Through advances in population-based genomic sequencing an analysis, the Natarajan lab and others showed that ‘clonal hematopoiesis of indeterminate potential’ (CHIP) is a surprisingly common feature as we age. They also showed that CHIP plays a role in coronary artery disease, the leading contributor to death in the US and now globally. As inflammation appeared to be a principal driver, the Natarajan lab has since then attempted to understand whether CHIP plays a role in other conditions where inflammation has been invoked as a key driver. This study focused on chronic liver disease because, which has become increasingly common with the rising prevalence of obesity and metabolic syndrome. However, therapeutic options for chronic liver disease have remained limited for decades except for hepatitis C. Fatty liver disease is increasingly recognized but the reasons by inflammation and downstream liver disease occur remain limited. They therefore hypothesized that CHIP could play a role. It was found that CHIP offered to confer a relatively large risk for chronic liver disease, sometimes larger than currently recognized risk factors. And causal inference approaches, such as Mendelian randomization, supported a potential causal relationship. Liver MRIs and liver biopsies were consistent with greater steatohepatitis and not greater steatosis. Murine models similarly showed greater steatohepatitis without greater steatosis, and also greater fibrosis when followed for longer periods of time. Genetic deficiency of the NLRP3 inflammasome appeared to ameliorate this phenotype in the mice. This inflammatory pathway has also been invoked in CHIP-associated coronary artery disease. The relationship between CHIP and liver disease was previously unknown. These observations highlight a new potential precision medicine paradigm for chronic liver disease prevention. The findings support the scientific premise that, particularly for TET2 CHIP, inhibition of the NLRP3 inflammasome may reduce the risk of chronic liver disease.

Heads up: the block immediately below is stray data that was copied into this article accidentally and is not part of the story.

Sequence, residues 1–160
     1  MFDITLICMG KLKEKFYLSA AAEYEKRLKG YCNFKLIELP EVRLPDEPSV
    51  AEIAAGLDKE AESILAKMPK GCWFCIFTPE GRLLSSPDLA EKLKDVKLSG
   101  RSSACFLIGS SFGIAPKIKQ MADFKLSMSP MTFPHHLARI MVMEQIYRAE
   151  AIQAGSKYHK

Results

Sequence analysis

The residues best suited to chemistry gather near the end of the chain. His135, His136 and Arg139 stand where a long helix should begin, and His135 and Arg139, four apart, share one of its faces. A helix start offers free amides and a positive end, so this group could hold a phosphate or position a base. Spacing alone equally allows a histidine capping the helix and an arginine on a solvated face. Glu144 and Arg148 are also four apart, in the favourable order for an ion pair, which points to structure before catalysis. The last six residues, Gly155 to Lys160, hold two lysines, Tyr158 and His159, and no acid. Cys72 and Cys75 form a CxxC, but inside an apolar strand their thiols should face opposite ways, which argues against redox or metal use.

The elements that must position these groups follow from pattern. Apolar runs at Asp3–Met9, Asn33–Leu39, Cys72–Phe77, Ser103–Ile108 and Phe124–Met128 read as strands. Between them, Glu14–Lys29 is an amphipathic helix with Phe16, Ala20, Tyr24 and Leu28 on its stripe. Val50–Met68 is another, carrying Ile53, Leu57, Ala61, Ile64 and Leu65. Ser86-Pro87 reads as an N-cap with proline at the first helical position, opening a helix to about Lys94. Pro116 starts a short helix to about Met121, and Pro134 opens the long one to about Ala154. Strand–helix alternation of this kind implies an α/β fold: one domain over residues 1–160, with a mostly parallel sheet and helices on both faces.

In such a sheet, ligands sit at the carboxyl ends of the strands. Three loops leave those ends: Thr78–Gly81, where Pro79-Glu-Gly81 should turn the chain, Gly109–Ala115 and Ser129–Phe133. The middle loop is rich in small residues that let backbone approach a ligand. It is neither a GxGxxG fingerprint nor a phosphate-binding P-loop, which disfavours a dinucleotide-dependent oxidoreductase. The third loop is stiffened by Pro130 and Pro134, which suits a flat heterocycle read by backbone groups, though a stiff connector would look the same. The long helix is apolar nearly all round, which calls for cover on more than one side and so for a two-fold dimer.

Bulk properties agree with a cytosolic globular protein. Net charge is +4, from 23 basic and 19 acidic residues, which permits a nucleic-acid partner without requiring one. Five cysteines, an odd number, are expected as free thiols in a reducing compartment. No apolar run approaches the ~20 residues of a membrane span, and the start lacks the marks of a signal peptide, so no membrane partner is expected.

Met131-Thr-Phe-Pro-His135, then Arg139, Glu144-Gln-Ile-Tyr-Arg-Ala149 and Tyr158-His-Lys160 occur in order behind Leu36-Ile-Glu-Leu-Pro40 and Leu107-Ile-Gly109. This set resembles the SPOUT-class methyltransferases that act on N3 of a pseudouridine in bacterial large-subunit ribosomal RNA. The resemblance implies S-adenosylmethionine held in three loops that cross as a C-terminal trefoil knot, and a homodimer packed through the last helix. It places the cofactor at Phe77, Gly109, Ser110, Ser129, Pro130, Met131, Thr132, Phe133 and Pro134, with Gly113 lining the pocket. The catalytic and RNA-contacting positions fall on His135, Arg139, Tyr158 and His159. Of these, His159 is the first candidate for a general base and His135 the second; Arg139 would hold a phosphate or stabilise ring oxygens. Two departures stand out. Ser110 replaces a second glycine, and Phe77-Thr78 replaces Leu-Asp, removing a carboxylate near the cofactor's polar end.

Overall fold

Read more in Nature.